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Mental Health Care Powers of Attorney in Arizona

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Mental health care power of attorney

When people are creating their advance directives, they often overlook one important document– the mental health care powers of attorney. Mental health care powers of attorney (POA) are legal documents that allow a person to make mental health treatment decisions on behalf of another person when they are unable to do so for themselves. The person making the decisions is called an agent. The person decisions are being made on behalf of is called a principal.

You can tailor your mental health care power of attorney to meet your individual needs. Typically mental health care POAs include a list of decisions the agent can make and a list of limitations on the agent’s authority. As its name suggests, mental healthcare powers of attorney generally cover mental health treatment decisions. These can include decisions about medications, psychiatric or psychological treatments, and admittance into inpatient programs.

I don’t have a mental illness. Do I still need a mental health POA?

A mental health care power of attorney is an important advance directive, even for those without a mental illness diagnosis. Like any other illness, mental illness can develop at any time. An accident like a fall or crash can affect your mental health. Medications can also have side effects that affect your mental health. Some diseases like Alzheimers or Dementia can cause behavior issues. Even if these scenarios seem unlikely, it is better to be safe than sorry.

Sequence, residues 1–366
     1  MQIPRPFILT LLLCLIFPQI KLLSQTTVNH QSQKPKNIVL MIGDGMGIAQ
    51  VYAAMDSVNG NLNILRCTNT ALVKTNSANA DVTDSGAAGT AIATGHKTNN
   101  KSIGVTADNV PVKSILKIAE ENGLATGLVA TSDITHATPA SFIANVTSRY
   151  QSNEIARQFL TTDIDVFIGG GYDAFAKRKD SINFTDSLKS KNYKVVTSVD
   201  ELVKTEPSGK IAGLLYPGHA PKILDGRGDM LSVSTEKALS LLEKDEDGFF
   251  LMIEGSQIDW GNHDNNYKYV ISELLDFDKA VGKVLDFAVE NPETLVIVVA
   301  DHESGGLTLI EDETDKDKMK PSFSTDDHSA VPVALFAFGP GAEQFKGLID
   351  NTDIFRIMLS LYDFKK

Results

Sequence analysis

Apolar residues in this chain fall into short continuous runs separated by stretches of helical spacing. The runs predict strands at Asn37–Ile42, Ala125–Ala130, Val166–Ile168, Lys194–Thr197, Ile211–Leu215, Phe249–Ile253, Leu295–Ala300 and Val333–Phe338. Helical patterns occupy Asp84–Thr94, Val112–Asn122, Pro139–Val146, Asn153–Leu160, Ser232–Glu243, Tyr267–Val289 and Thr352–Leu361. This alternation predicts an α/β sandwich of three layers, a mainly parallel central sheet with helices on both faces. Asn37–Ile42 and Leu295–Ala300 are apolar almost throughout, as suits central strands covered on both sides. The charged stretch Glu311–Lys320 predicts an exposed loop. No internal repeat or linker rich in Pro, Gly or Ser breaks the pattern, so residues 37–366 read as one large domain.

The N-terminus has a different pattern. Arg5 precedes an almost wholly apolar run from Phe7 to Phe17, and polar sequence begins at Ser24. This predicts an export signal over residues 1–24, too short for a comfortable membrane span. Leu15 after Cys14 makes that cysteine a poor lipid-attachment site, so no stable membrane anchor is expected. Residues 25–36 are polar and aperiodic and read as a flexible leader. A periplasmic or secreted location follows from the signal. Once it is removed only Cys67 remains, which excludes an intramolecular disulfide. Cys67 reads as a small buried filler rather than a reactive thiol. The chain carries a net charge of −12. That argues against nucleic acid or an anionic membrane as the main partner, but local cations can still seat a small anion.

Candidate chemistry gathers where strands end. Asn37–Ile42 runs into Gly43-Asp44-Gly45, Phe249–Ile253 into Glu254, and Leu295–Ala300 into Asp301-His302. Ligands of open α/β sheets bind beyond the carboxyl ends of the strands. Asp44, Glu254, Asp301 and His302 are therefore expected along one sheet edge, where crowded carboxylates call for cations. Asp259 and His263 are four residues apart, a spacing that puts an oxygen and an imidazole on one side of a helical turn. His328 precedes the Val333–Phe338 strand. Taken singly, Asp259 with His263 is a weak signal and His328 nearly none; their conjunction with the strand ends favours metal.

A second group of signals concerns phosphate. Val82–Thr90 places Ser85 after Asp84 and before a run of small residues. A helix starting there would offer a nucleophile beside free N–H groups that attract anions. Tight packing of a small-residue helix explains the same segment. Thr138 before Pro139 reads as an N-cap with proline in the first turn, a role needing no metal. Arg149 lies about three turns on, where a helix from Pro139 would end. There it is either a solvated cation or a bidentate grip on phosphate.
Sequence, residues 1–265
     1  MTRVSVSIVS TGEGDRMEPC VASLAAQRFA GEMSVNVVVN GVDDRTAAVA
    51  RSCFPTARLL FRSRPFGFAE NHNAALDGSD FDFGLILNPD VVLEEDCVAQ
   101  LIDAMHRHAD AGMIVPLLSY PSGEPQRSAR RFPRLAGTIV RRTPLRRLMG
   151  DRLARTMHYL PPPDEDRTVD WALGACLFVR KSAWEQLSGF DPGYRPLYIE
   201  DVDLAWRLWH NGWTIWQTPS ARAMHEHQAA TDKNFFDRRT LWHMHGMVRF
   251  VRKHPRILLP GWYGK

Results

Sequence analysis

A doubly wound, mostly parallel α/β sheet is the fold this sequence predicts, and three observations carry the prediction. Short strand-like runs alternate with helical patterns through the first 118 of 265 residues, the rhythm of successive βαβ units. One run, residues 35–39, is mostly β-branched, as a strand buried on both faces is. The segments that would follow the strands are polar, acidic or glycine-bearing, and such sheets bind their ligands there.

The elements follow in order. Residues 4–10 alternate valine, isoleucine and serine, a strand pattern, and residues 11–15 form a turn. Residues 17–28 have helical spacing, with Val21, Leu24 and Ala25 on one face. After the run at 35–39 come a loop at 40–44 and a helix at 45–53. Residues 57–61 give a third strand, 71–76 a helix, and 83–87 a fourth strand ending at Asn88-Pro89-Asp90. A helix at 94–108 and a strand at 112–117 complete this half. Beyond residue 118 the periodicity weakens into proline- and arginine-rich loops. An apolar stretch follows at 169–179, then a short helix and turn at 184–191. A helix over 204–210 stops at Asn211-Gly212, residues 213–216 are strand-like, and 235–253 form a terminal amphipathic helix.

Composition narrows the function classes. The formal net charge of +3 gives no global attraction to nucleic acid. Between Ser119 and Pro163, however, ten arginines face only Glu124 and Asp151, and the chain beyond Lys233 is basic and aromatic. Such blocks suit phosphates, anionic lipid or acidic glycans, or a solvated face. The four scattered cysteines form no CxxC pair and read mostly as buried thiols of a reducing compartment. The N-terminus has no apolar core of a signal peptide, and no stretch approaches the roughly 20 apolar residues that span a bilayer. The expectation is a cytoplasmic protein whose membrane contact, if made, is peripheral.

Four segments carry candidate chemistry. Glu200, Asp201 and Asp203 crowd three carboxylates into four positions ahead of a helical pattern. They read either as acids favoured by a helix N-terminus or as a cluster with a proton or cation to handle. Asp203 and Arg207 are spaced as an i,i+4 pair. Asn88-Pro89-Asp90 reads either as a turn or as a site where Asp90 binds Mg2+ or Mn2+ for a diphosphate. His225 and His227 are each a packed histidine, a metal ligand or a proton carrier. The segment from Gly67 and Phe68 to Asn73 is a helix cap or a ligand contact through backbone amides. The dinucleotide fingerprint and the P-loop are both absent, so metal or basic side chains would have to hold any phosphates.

So, what happens if you do not have a mental health care POA? Well, in the event you need to be admitted inpatient psychiatric facility and refuse, your loved ones may need to pursue an emergency guardianship through the probate courts to ensure you receive treatment. Court proceedings can be costly and stressful for families. You also won’t get any say in who the court appoints to make decisions on your behalf.

It’s best to have a mental health care POA even if you do not have a mental illness diagnosis.

Do I need a mental health care POA if I already have a medical/ healthcare POA?

Yes. A health care POA gives an agent power to make medical decisions on your behalf. This does not necessarily include mental health care decisions on your behalf. For example, generally, a healthcare POA doesn’t grant an agent authority to place the principal in an inpatient facility without their consent. For an agent to make mental health care decisions on your behalf, you need a mental health care POA.

When can my agent use a mental health POA?

In order to grant an agent powers, a principal must have legal mental capacity to do so. This means that a principal cannot grant someone powers if they are already incapacitated. It also means that loved ones can’t seek out a mental health POA to make decisions for someone in the midst of a mental health crisis.

Even once you sign your POA, your agent does not immediately gain the power to admit you to an inpatient facility on any whim. Your agent can’t make any decisions on your behalf unless you are incapacitated or a doctor states that you are unable to give informed consent.

Even though a mental health POA may not go into effect immediately, mental health POAs still grant significant control to your agent. If you are incapacitated, you want your agent to be trustworthy and continuously acting in your best interest.

Can I revoke my mental health care POA?

Yes, as long as you have the capacity to do so. You must revoke a POA in writing and give a copy of your revocation to any interested third party. This includes your agent and any medical facilities that may have your POA on file. The Arizona state legislature has made a form to revoke your POA; but, consulting with an attorney is always a good idea.